As you should know by now, our attention has now shifted to the 2016 NFL Draft as it relates to the prospects. From now until the draft takes place, we hope to profile as many draft prospects as we possibly can for you. Most of these player profiles will be centered around prospects the Pittsburgh Steelers are likely to have interest in.
A look at Northwestern DE Dean Lowry.
#94 – Dean Lowry/DL Northwestern: 6-6, 296
– Surprisingly fluid hips in zone drops
– High motor
– Agile in short space to be able to execute twists and stunts
– Plays across the line: 0t, 1t, 3t, 5t, 7t
– Play strength improved from 2014 to 2015
– Quick off the snap, aggressive slanting
– Hits open gaps hard downhill
– Smart player, reads the field well
– Quickness over gaps can be too much for OL to handle
– Has also played OLB in two-point stance
– Short arms really limit him, gets swallowed by length
– Loses his feet out from under him, loses power
– Hands aren’t active enough to counteract his short arms
– Creates on initial pressure/wins, doesn’t have the ability to recover
– Can’t generate enough torque for an effective spin move
– Pass rushes without a plan too often
– Limited pass rush toolbox
– Arms measured at 31″ at the combine, tied for shortest there in position group
– Set single-game Northwestern record with 6 TFL against Nebraska (2015)
– Played football, baseball and basketball in high school
– Consistent production: 32, 41, 52 tackles; 7, 8, 13 TFL; and 4.5, 4.0, 3.0 sacks in last three years
– Second-Team All-Big Ten (2015), Academic All-Big Ten (2014)
– Was on back to back 14-0 high school football teams
– 30 bench press reps at combine
This is the quintessential Lowry play. The weakside 3t here, Lowry gets a good jump on the ball and powers into the tackle. However, the long arms on the tackle and his anchor mean Lowry is initially eliminated, and to further complicate things he ends up getting tripped by his own man. However, he recovers, flashes his eyes into the backfield and sees the ensuing checkdown. He has the hustle to come over and lay out the RB, but his limitations are obvious on this play.
Lowry is an unusually limber prospect. To be able to hit a quick backpedal and flip his hips to ride the zone downfield is impressive for a defensive lineman of his length. Normally you see longer defenders struggle to sink their hips and find that measure of fluidity, but Lowry had it in spades here.
Lowry matches up over the TE here, and wrecks him to make a TFL. Note the hand placement and power Lowry generates, already worlds better from his 2014 work. He then sheds to the correct side and drops the running QB. This was a TE he was facing, but it’s exactly what you want to see from the DE in terms of technique.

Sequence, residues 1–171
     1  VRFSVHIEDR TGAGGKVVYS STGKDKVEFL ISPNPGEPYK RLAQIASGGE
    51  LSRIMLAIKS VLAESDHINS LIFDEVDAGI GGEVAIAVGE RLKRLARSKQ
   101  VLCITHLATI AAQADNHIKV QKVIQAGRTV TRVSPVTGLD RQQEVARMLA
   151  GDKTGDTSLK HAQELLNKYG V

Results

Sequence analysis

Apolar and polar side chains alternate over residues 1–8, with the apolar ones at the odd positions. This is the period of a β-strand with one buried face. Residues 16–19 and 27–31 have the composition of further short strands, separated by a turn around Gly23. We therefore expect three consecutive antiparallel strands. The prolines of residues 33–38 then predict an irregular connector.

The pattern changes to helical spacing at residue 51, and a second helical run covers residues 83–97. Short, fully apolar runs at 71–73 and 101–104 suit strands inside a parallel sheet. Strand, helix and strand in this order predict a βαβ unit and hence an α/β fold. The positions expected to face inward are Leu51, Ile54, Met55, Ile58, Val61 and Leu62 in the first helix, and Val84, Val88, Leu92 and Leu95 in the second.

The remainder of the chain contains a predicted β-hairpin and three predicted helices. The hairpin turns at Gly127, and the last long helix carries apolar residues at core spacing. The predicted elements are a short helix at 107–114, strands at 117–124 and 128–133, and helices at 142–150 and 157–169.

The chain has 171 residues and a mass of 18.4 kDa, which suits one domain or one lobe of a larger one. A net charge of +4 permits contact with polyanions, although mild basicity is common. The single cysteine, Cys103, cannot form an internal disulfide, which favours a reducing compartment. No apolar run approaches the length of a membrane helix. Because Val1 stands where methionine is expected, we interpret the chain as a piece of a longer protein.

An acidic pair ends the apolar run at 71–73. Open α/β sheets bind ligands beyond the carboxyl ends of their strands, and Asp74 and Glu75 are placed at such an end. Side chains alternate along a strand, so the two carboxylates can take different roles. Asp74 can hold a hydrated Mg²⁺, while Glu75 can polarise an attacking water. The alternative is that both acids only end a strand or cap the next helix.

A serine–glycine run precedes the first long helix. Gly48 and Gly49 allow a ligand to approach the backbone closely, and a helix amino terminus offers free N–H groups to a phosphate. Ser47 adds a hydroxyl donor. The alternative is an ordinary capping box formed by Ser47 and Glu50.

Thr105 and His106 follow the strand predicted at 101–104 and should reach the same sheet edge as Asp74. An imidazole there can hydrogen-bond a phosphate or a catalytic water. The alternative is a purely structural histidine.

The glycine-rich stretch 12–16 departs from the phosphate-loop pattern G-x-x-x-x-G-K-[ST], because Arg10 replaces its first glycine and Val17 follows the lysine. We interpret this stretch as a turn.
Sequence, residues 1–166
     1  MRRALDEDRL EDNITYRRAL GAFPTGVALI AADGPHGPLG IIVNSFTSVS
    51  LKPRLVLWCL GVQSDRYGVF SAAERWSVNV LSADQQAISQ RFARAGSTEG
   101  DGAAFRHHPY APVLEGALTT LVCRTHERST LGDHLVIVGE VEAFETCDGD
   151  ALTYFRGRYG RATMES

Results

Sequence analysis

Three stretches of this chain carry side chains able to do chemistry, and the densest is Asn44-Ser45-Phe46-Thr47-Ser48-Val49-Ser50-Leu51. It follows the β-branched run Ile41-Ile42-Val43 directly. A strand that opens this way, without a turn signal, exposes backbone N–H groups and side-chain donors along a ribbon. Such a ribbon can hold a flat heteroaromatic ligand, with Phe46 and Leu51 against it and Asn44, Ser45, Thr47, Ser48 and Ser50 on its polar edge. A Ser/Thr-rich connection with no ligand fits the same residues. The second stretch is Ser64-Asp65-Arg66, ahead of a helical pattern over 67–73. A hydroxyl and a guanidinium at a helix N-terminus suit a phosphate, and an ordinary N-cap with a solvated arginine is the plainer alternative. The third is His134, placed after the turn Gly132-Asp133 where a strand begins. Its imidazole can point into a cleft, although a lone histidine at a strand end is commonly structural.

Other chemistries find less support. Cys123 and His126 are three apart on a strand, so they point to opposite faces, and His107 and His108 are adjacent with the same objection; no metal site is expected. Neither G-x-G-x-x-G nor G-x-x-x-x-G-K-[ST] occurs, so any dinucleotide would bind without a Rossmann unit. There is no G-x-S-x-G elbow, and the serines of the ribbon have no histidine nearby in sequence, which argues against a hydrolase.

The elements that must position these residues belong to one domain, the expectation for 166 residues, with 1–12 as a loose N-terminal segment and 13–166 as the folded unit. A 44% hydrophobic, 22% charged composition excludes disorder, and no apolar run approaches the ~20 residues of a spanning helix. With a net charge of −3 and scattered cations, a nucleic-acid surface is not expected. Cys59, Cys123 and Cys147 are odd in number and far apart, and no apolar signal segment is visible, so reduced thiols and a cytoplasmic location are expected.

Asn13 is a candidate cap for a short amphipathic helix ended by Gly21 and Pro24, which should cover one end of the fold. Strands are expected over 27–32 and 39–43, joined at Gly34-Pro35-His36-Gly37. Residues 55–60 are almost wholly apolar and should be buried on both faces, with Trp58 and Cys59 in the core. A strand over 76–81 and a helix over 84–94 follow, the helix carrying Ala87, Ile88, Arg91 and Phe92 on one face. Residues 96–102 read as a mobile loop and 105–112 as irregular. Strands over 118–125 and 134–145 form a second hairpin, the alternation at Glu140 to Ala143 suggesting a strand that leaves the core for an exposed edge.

Lowry picks up an interior rep from 1t. He splits the double team with a rip into the open gap and closes to the QB. When he gets off the ball at top speed, his arm length doesn’t matter as much.
Lowry slants inside from his LDE position as the LB scrapes outside. He keeps his hips parallel to the line of scrimmage and eyes on the ball carrier as he was taught, before he sheds the weak block and closes downhill. Patience, discipline, then attack.
Violence in a short area. That’s what Lowry flashes here, with quick hand disposal of the tackle. Again he bursts in the short area to take down the running back for a TFL. These aren’t just tight ends he’s cleaning up against now, it’s Big Ten offensive linemen.
Dean Lowry is an enigma. On one hand, you have a weight-room strong player with great length and size who’s quick on the field. On the other hand, his arms are so short as to truly limit him at the next level. Lowry has a lot of room to grow as a pass rusher, with a limited array of moves and often a lack of a plan.
At times, though, those 30 bench reps just don’t show up. His play strength is nowhere near where it should be thanks to that, mostly because his footwork is sloppy at times and leaves his body stranded with his feet trailing. Because of that, his base is weak and he can’t translate knee bend to upper body power.
Although he played across the line in college, Lowry projects best as a 5 tech in the NFL. That allows him to play slant-to-gap from head-up on a tackle at defensive end. He absolutely looks and weighs enough to play the part there. Athletically, he isn’t any great shakes, and those short arms will limit in the NFL. His ceiling is capped at a consistent starter, but he definitely has the on-field flashes to back that up.
Projection: Sixth Round
Games Watched: at Penn State (2014), at Nebraska, Tennessee